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New Twitter API Seeks To End 3rd Party Twitter Clients

Twitter has posted an update on its developer blog today and detailed some of the changes coming with V1.1 of the Twitter API. Unfortunately, developers aren’t going to be to happy with the company after it launches. That said, things aren’t looking got at all for any type of 3rd party Twitter application. Thus, many of them will find themselves not working and even buggy. As far as we know, they aren’t completely banned, yet.

Some 3rd party Twitter clients like HootSuite looks like it’s in the clear with the company, but Twitter I think wants to make it extremely obvious that it no longer wants 3rd party clients to exist. As to why they are doing this to the development community, I don’t know. Once the new API version launches, there will be a numerous amount of new limitations on how 3rd party clients and applications can access Twitter. Here are some of the most important limitations that you need to be aware of:

Display Requirements: “…linking @usernames to the appropriate Twitter profile, displaying appropriate Tweet actions (e.g. Retweet, reply and favorite) and scaling display of Tweets appropriately based on the device. If your application displays Tweets to users, and it doesn’t adhere to our Display Requirements, we reserve the right to revoke your application key.”

User Token Maximum: “… we will require you to work with us directly if you believe your application will need more than one million individual user tokens.”

Maximum API Call Limit: “… Most individual API endpoints will be rate limited at 60 calls per hour per-endpoint…. There will be a set of high-volume endpoints related to Tweet display, profile display, user lookup and user search where applications will be able to make up to 720 calls per hour per endpoint.”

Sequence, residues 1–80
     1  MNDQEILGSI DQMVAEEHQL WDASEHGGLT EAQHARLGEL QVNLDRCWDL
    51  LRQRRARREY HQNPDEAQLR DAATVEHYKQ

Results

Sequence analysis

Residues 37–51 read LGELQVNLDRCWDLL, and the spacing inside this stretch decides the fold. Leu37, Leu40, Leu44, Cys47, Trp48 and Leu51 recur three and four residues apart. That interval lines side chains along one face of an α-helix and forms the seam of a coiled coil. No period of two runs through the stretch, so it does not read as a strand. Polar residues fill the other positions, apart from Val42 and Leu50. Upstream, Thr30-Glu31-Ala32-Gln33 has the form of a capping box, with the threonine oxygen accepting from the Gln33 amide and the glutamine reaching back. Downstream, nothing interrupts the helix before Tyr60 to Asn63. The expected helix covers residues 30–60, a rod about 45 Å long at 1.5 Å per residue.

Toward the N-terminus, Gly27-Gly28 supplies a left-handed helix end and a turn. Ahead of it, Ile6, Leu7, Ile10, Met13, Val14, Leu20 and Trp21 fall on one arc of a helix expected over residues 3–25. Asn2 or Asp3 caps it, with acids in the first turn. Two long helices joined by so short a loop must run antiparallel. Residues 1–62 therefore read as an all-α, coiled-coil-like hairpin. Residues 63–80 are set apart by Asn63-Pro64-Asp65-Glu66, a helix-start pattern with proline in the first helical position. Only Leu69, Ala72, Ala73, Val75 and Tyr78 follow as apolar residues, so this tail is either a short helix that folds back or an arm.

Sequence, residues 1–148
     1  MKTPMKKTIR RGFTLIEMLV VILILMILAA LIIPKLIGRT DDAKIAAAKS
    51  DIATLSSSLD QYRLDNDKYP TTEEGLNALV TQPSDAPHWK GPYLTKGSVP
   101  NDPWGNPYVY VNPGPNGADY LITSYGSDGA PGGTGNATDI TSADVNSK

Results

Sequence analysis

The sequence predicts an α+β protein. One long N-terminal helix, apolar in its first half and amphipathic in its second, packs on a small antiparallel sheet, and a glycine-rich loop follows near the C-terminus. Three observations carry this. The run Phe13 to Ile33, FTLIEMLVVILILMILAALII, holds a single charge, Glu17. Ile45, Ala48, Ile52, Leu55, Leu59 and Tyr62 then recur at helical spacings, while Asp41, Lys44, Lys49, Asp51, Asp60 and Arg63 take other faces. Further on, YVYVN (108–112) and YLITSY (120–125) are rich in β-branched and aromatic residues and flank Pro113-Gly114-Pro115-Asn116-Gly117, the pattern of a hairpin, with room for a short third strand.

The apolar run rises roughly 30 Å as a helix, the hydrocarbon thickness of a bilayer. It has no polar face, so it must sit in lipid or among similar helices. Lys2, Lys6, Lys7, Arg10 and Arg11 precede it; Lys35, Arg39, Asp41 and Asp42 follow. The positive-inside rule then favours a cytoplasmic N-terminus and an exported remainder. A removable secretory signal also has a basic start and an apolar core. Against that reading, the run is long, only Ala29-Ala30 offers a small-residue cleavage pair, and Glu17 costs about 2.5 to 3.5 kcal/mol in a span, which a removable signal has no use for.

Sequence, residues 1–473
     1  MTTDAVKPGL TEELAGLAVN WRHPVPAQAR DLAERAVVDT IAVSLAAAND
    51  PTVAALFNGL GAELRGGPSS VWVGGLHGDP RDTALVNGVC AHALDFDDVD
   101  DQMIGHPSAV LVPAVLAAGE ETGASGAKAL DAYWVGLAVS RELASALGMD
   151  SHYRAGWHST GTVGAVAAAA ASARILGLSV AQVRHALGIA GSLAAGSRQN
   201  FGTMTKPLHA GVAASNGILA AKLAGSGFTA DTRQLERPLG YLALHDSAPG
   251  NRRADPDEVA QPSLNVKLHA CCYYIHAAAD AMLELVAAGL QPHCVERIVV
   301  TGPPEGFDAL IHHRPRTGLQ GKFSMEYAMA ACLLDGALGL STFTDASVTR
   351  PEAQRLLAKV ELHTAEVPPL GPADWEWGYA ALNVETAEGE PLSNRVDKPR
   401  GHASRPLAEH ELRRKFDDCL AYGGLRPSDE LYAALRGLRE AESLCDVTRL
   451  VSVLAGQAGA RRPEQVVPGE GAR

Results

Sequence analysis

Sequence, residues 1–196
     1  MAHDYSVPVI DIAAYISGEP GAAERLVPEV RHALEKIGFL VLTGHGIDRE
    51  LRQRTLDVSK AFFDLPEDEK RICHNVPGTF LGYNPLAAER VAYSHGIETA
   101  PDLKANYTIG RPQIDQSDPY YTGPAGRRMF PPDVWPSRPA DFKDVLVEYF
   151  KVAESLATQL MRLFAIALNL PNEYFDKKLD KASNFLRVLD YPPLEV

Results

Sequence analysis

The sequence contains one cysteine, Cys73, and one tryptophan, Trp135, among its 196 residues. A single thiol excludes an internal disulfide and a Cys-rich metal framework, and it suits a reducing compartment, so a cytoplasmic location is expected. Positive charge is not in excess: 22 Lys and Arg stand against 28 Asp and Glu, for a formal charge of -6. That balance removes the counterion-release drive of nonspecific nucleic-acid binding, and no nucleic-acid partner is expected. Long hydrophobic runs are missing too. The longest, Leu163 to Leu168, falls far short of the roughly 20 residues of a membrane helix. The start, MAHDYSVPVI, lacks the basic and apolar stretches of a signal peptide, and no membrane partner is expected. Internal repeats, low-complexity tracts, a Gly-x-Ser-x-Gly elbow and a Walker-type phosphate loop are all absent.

API Authorization: “… we will require every request to the API to be authenticated.”

Those are the really big limitations that are coming to the 3rd party Twitter clients soon. There’s more than that though, and boy is it a kicker. It basically promises to end all major apps of this kind out on the web. Take a look for yourself:

Additionally, if you are building a Twitter client application that is accessing the home timeline, account settings or direct messages API endpoints (typically used by traditional client applications) or are using our User Streams product, you will need our permission if your application will require more than 100,000 individual user tokens. (emphasis from AP)

That requirement right there will mean the end of any 3rd part Twitter client with more than 100,000 users. There are no exceptions either. That is, unless Twitter decides to remove of the requirement. Still, Twitter wants to get rid of all of these clients and apps, and they say that outright too:

Nearly eighteen months ago, we gave developers guidance that they should not build client apps that mimic or reproduce the mainstream Twitter consumer client experience. And to reiterate what I wrote in my last post, that guidance continues to apply today.

Guess what else? They even designed a handy dandy graph for everyone (graphs always make everything better)! Everything in the upper right portion of the graph is not OK, at least, according to Twitter it isn’t.

That said, be ready to wave goodbye to any popular Twitter client that isn’t on good terms with Twitter or isn’t the official Twitter client. At the very least, we’ll still have HootSuite and TweetDeck. These changes aren’t going to happen just overnight though. The blog indicated that developers will have around 6 months from the release of API 1.1 before version 1.0 is completely obliterated in March of 2013.

Have hope though. It’s very possible that Twitter will decide that the backlash they will get from this decision will be far, far worse than expected. Thus they will give up the idea of killing all 3rd party twitter clients. Okay, maybe not, but they might just be willing to change a few things. Possibly. Hopefully. Oh Twitter, why do you gotta be like this?

Let us know what you think about this new Twitter API. Is it necessary or will it ultimately reduce the popularity and use of Twitter? Let us know in the comments!

source: Twitter Development Blog

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